Lichens – On Azalea

Q: I’m having a problem with my azaleas. They seem to have lichens on the trunk. I cut them back as much as possible, fertilized and sprayed with liquid Sevin but they don’t seem to be getting any better.

I hate to see them die, which they are slowly doing.

A: I think you should like your lichens. Azaleas and older trees of many species often have gray, flaky lichens growing on their limbs.

Interestingly, a lichen is a “sandwich” made of algae in the center and fungus on the outside. The algae makes food from sunlight and air; the fungus protects the algae and supplies moisture. They live together symbiotically.

Since lichens are almost always found on weak plants, do lichens cause the plants to become sick? No. In fact, lichens are totally harmless and in no way responsible for the poor health of any tree or shrub. They are simply indicators of the infirm health of the plant.

As a woody plant loses vigor, the number and size of its leaves gradually decreases. This allows more sunlight on the trunks and branches. As soon as enough light is available on the stems, lichens will begin to colonize.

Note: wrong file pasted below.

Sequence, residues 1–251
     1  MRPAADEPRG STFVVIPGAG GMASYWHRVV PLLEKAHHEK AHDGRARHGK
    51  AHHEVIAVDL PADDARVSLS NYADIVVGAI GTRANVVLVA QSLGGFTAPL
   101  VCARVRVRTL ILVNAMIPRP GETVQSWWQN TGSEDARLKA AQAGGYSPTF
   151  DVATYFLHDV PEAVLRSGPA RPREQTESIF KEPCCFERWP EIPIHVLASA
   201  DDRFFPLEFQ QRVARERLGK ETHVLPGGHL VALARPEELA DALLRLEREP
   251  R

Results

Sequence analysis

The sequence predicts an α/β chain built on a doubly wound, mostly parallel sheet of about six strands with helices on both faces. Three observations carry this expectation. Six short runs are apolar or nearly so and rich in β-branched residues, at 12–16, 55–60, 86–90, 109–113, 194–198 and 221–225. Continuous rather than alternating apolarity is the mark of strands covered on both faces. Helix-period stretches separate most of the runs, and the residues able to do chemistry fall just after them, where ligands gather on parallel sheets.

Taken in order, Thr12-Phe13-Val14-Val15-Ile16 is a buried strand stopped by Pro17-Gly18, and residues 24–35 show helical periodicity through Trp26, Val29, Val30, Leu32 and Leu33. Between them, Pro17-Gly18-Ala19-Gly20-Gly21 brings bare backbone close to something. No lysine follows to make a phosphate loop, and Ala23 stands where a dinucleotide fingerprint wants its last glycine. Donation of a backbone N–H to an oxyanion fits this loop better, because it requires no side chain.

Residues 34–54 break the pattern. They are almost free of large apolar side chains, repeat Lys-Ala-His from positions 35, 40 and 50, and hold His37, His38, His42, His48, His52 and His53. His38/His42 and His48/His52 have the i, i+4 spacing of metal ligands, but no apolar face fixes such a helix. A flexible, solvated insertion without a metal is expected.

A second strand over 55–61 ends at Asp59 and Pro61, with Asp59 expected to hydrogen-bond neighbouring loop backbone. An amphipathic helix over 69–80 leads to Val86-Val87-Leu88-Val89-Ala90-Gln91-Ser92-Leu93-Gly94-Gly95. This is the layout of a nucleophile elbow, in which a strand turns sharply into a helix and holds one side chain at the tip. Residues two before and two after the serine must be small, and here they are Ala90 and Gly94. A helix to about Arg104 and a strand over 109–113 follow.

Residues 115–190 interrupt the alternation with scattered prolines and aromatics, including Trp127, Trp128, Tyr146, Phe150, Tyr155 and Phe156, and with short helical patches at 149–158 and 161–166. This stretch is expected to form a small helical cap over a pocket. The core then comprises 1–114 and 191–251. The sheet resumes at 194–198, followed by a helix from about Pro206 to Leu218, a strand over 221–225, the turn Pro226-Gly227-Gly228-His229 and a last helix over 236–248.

Lichens can be brushed off the plant with a stiff brush but Sevin won’t affect them. Unless the true cause of decline is corrected, lichens will reappear.

Are your azaleas growing in dense shade? Do they get enough water in the summer? Maybe the best thing to do would be to prune them to twelve inches tall next March and let them grow a better canopy of leaves.

If a plant is helped to become more healthy, less sunlight will strike the limbs and trunk. Lichens will then gradually disappear.

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